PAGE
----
Preserving non-fermented refrigerated foods with microbial cultures—a review

S. Rodgers

Research output: Contribution to journalArticleResearchpeer-review

Abstract

The use of microbial cultures offers a natural temperature-responsive preservation method. The inhibition at refrigeration temperatures is associated with production of low molecular weight compounds including lactic acid, hydrogen peroxide and bacteriocins. Bacteriocin-producing cultures are not effective against Gram-negative bacteria and special strategies are needed. The role of intrinsic and extrinsic factors in the antibiosis is reviewed with the examples in a range of refrigerated foods. The suggested protocol for practical applications includes the selection of cultures, screening in microbiological media, trials in food and the strategies to enhance the inhibitory effect.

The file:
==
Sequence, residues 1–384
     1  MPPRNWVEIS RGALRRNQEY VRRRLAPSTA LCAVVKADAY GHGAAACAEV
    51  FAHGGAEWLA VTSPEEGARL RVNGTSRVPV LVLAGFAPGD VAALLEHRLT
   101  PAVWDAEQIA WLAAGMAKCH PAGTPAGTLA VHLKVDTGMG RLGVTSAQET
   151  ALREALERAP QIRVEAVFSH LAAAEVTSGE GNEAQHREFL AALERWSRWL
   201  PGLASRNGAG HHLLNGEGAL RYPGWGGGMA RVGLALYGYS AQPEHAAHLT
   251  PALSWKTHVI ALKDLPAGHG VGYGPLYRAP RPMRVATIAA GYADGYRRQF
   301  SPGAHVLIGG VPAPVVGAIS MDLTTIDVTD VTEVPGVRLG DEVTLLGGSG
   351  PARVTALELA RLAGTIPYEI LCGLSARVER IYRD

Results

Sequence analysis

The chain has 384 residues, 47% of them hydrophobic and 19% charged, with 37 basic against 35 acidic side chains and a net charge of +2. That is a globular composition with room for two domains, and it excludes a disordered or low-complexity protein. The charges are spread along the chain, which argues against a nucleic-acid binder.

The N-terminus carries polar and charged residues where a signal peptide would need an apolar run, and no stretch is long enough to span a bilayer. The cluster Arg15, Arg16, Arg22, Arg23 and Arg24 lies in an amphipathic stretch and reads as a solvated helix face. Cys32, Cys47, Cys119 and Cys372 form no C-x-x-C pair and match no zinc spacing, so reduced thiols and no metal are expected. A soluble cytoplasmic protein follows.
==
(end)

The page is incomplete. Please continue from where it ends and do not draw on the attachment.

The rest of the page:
Original languageEnglish
Pages (from-to)276-284
Number of pages9
JournalTrends in Food Science & Technology
Volume12
Publication statusPublished - 2001

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Bacteriocins
Antibiosis
Food
Refrigeration
Intrinsic Factor
Temperature
Gram-Negative Bacteria
Hydrogen Peroxide
Lactic Acid
Molecular Weight

Cite this

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Preserving non-fermented refrigerated foods with microbial cultures—a review. / Rodgers, S.

In: Trends in Food Science & Technology, Vol. 12, 2001, p. 276-284.

Research output: Contribution to journalArticleResearchpeer-review

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